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To what extent can "The Strange Case of Dr Jekyll and Mr Hyde" be defined as Gothic Literature?

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Ben Davey 5c English Coursework 27/09/04 To what extent can "The Strange Case of Dr Jekyll and Mr Hyde" be defined as Gothic Literature? Robert Louis Stevenson's "The Strange Case of Dr Jekyll and Mr Hyde" is one of the most famous works of horror fiction ever written. Like the tales of "Frankenstein" and "Dracula," a version of its central idea resides in the collective human consciousness. Stevenson wrote his most famous work in October 1885 at the age of 35. At the time he was dependent on his father, but this work enabled him to become financially independent for the first time. Originally intended as a 'shilling shocker' for publication at Christmas 1885, it was delayed until January of the following year due to a rather full market. ...read more.


Stevenson, however, dispenses entirely with such 'distancing devices' and sets his novel in London, in the present day, and disguises terror and evil inside a respectable person. This is clearly very different from normal Gothic setting and plot, although, in terms of plot he does have plenty of monstrosity and evil readily available in the formidable form of Edward Hyde. In some ways the construction is very reminiscent of a detective story. The vast majority of the novel concerns Mr Utterson trying to decipher various suspicious and secretive happenings, most of them utterly ruinous if they surfaced in such a society, (i.e.) one so obsessed with reputation and credit and governed by public opinion. From the start Utterson doesn't really want to know the truth, but actually is more interested in saving his friend from scandal and potentially losing his 'credit.' ...read more.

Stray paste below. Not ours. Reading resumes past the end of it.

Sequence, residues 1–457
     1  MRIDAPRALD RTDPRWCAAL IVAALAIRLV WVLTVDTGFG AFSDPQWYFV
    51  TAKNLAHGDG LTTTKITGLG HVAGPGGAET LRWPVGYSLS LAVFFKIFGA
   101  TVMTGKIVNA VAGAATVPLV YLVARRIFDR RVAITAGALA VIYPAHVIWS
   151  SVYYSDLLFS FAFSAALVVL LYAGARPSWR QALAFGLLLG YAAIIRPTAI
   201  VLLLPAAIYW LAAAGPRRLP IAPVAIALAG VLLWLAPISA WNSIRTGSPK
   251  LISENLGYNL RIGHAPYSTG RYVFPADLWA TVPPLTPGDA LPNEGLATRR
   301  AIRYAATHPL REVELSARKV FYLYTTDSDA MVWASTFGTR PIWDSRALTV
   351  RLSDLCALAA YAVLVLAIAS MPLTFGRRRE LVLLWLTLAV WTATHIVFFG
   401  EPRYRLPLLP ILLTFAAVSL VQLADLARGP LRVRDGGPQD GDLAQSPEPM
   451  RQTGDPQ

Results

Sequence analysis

is deliberately ambiguous and never explains suspicious circumstances such as; "I was coming home from some place at the end of the world, about 3 o'clock of a black winter morning," Stevenson never clarifies what Enfield was doing, or, in fact, what Sir Danvers Carew was doing in the district where he was murdered either, also in the early hours of the morning Some say that this novel works well as a piece of Gothic fiction partly as it creates more questions than it actually answers, which is true in some ways. Another tradition of Gothic and horror fiction is that of narrative complexity and the use of letters, statements and other such items to broaden the perspective, and to make the incidents concerned sound more plausible. Stevenson makes good use of such aids, even though anything is possible in such a tale of dual appearances and double lives. ...read more.

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